Aditya Tyagi

Aditya - An avid learner striving to become a full-stack web developer He is a big-time web development enthusiast and bibliophile by nature and is striving to leverage the power of technology to build brilliantly designed products for EB.

Responsive Tables in Angular, Vue.js, React using Pure CSS

Responsive Data Tables

Being a front-end web developer is not easy. One thing that you have to do daily is to decide which framework/library you want to use for your components/segments in your project.

Note: If you are well aware of the concepts of Flexbox and Media Queries, you can clone the project here. 

There are two primary things that a front-end developer has to deal with:

  1. Data Manipulation
    Hitting the API’s, fetching the data and then manipulating data based on the requirements on the client side.
  2. Data Population
    Showing the manipulated data in a presentable manner

Correct data population can vastly impact user experience. We live in a mobile-first era, and thus, appropriate data population according to the screen sizes becomes even more critical. The user doesn’t care the amount of data till the time it is easily readable.

Not deviating from the topic in hand, tabular representation of data has always been difficult for me, and the only reason was – RESPONSIVENESS

I have been working in Angular from quite some time, and whenever I had to use a tabular representation of data, I used to search for libraries for responsive tables. I won’t deny that there aren’t some very powerful libraries out there that help with pagination, sorting and filtering of data within the table but that comes under DATA MANIPULATION. They even claim to be responsive, but the libraries FAIL under 2 conditions:

When a different type of data is to be populated
Whenever there are 3-4 types of data in a single row like a checkbox, string, number, dropdown and buttons, the library is bound to fail.
Multiple Table Data

When there are many columns with variable width
Column names and cell data in a table are rarely of equal widths, and thus the variable width disturbs the orientation of the table, in turn breaking the responsiveness. After working with multiple libraries like ngx-datatable and trying to customize frameworks like Bootstrap or Angular Material by their CSS, I decided to solve the mystery of responsive tables once and for all!
Variable Width

Give a man a fish, and you feed him for a day. Teach a man to fish, and you feed him for a lifetime.

– Maimonides

So let me teach you to develop YOUR OWN RESPONSIVE table, where you can control the column widths according to the viewport/screen width and have multiple types of inputs in a row.

The only thing we need – CSS Flexbox.

CSS Flexbox

The Flexible Box Module, usually referred to as flexbox, was designed as a one-dimensional layout model, and as a method that could offer space distribution between items in an interface and powerful alignment capabilities.

In simple terms, Flexbox helps to align items in row and columns.

If you haven’t heard about it yet, I would recommend you to go through this:

For Basics:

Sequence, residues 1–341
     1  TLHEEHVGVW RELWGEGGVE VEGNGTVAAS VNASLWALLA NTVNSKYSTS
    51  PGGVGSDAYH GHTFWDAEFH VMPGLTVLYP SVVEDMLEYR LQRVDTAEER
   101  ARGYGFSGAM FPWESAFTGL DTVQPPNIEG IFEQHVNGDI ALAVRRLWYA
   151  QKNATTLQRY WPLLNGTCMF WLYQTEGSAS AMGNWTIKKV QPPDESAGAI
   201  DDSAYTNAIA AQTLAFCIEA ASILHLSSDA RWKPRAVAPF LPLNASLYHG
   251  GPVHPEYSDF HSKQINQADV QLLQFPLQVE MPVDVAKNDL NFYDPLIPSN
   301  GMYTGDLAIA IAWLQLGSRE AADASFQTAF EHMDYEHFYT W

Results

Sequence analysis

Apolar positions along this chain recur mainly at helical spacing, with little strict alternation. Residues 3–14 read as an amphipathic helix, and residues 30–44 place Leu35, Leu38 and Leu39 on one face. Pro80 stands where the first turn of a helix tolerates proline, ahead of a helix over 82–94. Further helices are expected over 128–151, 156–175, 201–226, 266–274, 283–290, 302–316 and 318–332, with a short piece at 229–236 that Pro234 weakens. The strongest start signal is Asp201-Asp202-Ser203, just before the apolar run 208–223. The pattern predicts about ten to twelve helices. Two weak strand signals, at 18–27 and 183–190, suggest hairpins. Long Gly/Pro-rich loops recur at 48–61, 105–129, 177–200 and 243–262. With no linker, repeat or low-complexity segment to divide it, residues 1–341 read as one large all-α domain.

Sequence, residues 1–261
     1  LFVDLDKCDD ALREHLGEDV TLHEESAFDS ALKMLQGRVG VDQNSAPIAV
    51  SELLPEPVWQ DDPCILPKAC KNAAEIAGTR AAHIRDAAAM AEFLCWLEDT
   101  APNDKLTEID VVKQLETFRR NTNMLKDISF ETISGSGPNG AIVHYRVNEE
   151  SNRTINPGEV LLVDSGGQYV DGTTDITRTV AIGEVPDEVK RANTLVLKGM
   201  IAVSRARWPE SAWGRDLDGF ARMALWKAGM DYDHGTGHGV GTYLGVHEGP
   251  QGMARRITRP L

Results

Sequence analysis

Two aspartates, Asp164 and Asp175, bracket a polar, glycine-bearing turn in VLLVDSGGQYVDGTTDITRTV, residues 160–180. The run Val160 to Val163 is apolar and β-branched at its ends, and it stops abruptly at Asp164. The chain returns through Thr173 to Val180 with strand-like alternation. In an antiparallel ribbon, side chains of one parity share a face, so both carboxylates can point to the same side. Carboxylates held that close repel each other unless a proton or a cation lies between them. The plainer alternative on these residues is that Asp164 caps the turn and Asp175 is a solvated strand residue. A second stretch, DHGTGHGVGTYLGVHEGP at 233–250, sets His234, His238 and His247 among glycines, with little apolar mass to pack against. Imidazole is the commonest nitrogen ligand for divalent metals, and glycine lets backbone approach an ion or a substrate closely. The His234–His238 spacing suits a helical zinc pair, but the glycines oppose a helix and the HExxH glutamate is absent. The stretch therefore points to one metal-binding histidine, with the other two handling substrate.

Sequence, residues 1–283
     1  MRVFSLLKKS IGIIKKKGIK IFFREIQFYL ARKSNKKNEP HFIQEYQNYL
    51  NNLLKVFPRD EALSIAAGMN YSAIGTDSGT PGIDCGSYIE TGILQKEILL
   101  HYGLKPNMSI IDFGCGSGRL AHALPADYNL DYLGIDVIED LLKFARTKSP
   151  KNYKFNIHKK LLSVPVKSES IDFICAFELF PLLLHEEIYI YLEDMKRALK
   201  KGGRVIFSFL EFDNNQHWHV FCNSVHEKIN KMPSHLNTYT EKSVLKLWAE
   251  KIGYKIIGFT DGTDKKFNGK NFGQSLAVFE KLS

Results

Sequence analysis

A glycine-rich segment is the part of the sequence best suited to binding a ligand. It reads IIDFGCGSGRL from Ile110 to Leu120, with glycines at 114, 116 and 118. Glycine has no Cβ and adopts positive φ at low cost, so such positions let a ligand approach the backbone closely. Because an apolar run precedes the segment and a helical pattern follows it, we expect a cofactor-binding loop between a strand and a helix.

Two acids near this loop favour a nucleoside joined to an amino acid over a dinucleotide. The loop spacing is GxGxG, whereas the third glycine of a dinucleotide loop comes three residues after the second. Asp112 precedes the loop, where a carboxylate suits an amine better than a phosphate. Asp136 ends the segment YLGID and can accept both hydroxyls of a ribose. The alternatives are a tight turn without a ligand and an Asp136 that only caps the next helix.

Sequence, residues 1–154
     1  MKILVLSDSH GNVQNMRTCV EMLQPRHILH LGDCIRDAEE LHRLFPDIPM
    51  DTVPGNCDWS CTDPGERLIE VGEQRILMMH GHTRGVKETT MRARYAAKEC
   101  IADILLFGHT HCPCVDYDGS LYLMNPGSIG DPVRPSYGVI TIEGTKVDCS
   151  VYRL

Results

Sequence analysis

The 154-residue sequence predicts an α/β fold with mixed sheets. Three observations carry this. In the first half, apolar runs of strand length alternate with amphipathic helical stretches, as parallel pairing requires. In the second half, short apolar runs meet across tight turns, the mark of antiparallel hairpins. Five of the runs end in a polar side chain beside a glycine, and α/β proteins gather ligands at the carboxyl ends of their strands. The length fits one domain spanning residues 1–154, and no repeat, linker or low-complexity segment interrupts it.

For a Comprehensive Guide:

Flexbox Cheatsheet:

Our aim is to show data in tabular representation on bigger/wider screens (width > 768px) and in collapsed/card view of each row on screens less than 768px wide.

Responsive Data Tables
Figure 1: Responsive Table – Desktop
Responsive Data Tables
Figure 2: Responsive Table – Mobile (Card View)

There are two things we need to understand to implement responsiveness of the tables:

  1. Flex Basis – Flex basis specifies the initial length of the table cell, which here is our flexible item.

Available values:

flexbasis: number | auto | initial | inherit;
Number: A length unit or percentage
Auto: This is the default value. It takes the length of the content inside it.
Initial: It sets the property to its default value
Inherit: It inherits the property from its parent

  1. Media Queries
    Whenever we need to control how our elements look on different screen sizes (desktop, mobile, tablets), we use media queries to specify break-points. We can write different styling for the same element on either side of the break-point.

There are 4 standard break-points that we use:

  1. 576px – small devices
  2. 768px – tablets
  3. 992px – desktops
  4. 1200px – large desktops

This can be used with:

  1. min-width –specified minimum width and up
  2. max-width – less than the specified maximum width

For Example – and I personally use:

// Large devices (desktops, less than 1200px)

// Medium devices (tablets, less than 992px)

// Small devices (landscape phones, less than 768px)

// Extra small devices (portrait phones, less than 576px)


Also Read: Angular Authentication Using JWT


We’ll use flex-basis to control the width of each column. Flexbox works with the help of two things – Flex Container and Flex Items. The row becomes the flex container, and the table cells are flex items. If the content is more than the cell width, it wraps to the new line.  We consider the table row (flex container) to be at 100% width and thus divide the column widths accordingly in percentages (%).

Responsive Data Tables

Here, the row – table-headers is considered 100% of the width. It also serves as the flex-container.The row is then divided into 5 columns of variable widths:

30% + 20% + 30% + 10% + 10% = 100%

Controlling Column Width

flex-basis-30 = 30% space of 100%
flex-basis-20 = 20% space of 100%
flex-basis-30 = 30% space of 100%
flex-basis-10 = 10% space of 100%
flex-basis-10 = 10% space of 100%

flex basis

This creates the columns with the desired widths, and on increasing the screen-width, the table cells (flex-items) adjusts according to their flex-basis percentage value.